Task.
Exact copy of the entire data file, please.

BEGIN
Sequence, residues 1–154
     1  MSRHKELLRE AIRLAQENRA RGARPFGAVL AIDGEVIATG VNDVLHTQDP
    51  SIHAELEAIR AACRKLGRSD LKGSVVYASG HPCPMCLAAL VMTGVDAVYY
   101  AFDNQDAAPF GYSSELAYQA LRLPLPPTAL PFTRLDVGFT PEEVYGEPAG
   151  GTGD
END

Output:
Sequence, residues 1–154
     1  MSRHKELLRE AIRLAQENRA RGARPFGAVL AIDGEVIATG VNDVLHTQDP
    51  SIHAELEAIR AACRKLGRSD LKGSVVYASG HPCPMCLAAL VMTGVDAVYY
   101  AFDNQDAAPF GYSSELAYQA LRLPLPPTAL PFTRLDVGFT PEEVYGEPAG
   151  GTGD